My age shows experience – not inability. got it?

  3. Two of my favorite professional development books that are great for anyone:

    "Rules of the Red Rubber Ball" by Kevin Carroll – Newsweek calls it the adult version of Seuss's "Oh the Places You'll Go!"

    The other one is "Never Eat Alone" by Keith Ferrazzi. Excellent advice on relationship building.

  4. One thing I have asked our Receptionists to do this year – although this is an objective, over and above their daily tasks, rather than a pure 'development' activity – is to capture all the things they do so wonderfully (and they do) in a process manual, so that anyone else coming in to cover Reception, whether as a temporary or permanent member of staff, can quickly get up to speed. It's been something different for them, and they have enjoyed the challenge. At least, so they tell me, but perhaps they are just being polite! 🙂

  5. Great advice from everyone, thank you very much. I will definitely get her for input on development areas.

    Charles, thank you for your comments about my prejudices – I had not seen that but you are correct that it's inappropriate. I am 51 and would bristle if anyone considered me too old for a job or too old to improve or progress. That's not what I meant to imply, but I see that it comes across that way.

  6. One of the best business books (and the most depressing, because every Glamour Don't that the author listed was something my company was doing) I've ever read is "From Good to Great."

  7. I love SarahC's suggestion. It's something I tend to do by default (because by the time I know my job well I always feel that there were things left out of training) and it's great practice for anyone with a passing interest in writing, training, or the combination of both.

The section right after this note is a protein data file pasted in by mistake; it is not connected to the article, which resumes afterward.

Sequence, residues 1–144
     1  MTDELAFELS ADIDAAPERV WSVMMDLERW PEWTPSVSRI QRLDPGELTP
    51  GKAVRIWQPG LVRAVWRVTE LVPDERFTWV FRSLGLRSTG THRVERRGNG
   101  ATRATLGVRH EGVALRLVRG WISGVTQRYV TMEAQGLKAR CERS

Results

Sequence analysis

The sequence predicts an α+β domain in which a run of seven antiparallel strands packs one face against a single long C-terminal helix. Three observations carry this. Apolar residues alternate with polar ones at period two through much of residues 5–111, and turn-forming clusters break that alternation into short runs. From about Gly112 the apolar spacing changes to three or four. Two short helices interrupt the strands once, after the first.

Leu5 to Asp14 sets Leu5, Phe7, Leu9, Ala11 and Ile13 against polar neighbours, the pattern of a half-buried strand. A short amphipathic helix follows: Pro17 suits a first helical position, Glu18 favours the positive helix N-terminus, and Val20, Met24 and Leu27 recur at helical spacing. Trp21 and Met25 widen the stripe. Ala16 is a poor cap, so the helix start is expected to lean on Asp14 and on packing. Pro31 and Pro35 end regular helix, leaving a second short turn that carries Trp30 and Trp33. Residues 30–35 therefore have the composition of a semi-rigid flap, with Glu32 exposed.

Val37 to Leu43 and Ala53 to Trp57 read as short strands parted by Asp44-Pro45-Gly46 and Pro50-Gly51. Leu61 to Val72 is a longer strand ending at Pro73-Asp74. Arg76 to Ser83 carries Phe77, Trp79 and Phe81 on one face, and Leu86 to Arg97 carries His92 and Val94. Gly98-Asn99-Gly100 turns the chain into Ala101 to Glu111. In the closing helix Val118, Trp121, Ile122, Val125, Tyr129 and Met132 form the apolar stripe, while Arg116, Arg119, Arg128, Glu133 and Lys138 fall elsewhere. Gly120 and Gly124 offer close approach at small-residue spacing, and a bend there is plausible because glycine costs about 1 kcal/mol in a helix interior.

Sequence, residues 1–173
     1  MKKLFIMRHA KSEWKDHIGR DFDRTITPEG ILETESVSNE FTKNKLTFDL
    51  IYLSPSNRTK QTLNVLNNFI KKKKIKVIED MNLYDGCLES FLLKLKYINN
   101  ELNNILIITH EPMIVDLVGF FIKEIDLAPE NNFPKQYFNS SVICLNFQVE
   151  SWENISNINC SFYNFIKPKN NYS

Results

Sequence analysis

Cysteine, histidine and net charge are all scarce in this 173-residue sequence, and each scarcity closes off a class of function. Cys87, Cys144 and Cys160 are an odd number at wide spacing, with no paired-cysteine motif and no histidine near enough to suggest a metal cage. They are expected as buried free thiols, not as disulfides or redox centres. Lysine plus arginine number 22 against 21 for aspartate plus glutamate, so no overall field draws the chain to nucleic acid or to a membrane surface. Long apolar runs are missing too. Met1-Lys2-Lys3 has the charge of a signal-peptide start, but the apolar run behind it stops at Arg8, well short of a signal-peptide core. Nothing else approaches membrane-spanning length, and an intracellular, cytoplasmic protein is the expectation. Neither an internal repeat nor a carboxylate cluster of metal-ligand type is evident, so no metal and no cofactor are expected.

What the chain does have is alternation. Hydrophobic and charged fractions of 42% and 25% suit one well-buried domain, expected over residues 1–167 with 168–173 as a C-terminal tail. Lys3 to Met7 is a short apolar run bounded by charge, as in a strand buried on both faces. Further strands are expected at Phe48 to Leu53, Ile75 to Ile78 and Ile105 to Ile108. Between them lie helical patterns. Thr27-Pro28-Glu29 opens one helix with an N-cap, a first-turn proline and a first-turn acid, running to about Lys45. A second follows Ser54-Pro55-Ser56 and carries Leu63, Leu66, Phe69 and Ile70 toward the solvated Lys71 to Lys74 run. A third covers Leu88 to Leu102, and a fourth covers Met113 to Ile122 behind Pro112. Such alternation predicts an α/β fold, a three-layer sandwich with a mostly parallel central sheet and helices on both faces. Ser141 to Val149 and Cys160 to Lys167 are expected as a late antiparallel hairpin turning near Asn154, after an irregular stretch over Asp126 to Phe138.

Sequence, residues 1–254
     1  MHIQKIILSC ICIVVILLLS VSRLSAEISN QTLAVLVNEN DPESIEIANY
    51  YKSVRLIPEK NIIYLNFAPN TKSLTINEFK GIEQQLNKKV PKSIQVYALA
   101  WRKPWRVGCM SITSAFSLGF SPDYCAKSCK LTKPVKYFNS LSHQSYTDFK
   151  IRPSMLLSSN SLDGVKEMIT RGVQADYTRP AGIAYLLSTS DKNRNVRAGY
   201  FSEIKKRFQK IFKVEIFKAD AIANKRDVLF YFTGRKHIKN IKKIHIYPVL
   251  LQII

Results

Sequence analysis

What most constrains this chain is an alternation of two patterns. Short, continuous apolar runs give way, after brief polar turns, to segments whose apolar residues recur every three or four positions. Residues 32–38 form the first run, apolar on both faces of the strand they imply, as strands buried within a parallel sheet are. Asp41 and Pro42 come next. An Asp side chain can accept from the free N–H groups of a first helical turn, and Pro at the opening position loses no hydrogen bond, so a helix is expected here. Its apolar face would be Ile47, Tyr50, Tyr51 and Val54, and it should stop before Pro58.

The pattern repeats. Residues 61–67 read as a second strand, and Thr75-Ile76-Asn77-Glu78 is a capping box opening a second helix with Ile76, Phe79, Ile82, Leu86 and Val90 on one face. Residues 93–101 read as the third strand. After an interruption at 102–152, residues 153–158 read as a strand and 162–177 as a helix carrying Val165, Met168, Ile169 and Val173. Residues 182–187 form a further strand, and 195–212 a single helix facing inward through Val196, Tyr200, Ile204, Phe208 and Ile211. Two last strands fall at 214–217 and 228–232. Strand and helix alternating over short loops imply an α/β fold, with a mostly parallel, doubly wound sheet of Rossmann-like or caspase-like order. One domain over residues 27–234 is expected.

8. A very nice book tha I read many years ago – and still reading from time to time – is Rick Pitino's "Success is a choice". Very inspiring book and fun to read. Greetings to all from Greece!

  9. "CEO":

    The chief cause of worker unhappiness in the workplace is environmental (employees tend to adopt the attitude of their coworkers over time, and if everyone around them is unhappy and frustrated, they are too, regardless of their actual work situation). This costs the company money in turnover and low productivity. The best way to combat these to to improve workplace morale. Without it, the business loses money. It's just that simple.

    Most of the readers here are involved in HR, OD, OE, TA, or TM. These types of things are what we are here to encourage. Personally, I appreciate having an environment that is not as banal and rude as most of the rest of the forum-space on the internet. People here are civil, and want to help.

  10. I definitely agree with the advice to ask her and that a class might be the answer. I know many companies have in-house education courses, but utilizing a local college or seminar is often a nice change for employees. Maybe it's brushing up on a foreign language or technology or even an entirely new endeavor that the company's considering taking on. Sometimes being the guinea pig for the department is exciting and lets employees give input in areas they normally aren't that involved in.

  11. If she is so fabulously wonderful, perhaps she could develop some mentoring skills and provide some training or coaching for other staff. Or she could take on a role as part of company induction/orientation where she models good customer service.

  12. Something that I've learned is never take anyone for granted. Add some tasks that add value and relieve boredom.

    As for the so-called CEO – why are you so angry at HR?

  13. CEO's comment is not even logical.

    Of course most of the comments are going to be praise. If someone reads the posts and usually disagrees they won't keep reading. They'll go read something else. Why should there be a bunch of people saying they hate the posts?

    EHRL does give good advice, so why shouldn't we say so? It's not as if most people don't also post their own opinions or ideas as well.

    Honestly, I've seen better comments from spam bots.

  14. I am a new reader, but I must say –
    I love it already. This advice blew my mind not once, but twice. The first time – 'wow, what a great idea' the second – 'why didn't i even consider that a solution when i read the question?!'

    Thanks for your blog, its wonderful to have insight into your profession. As a recent college graduate, it is easy to assume that the HR people are out to ruin us 'new professionals'

    Have a great Monday!!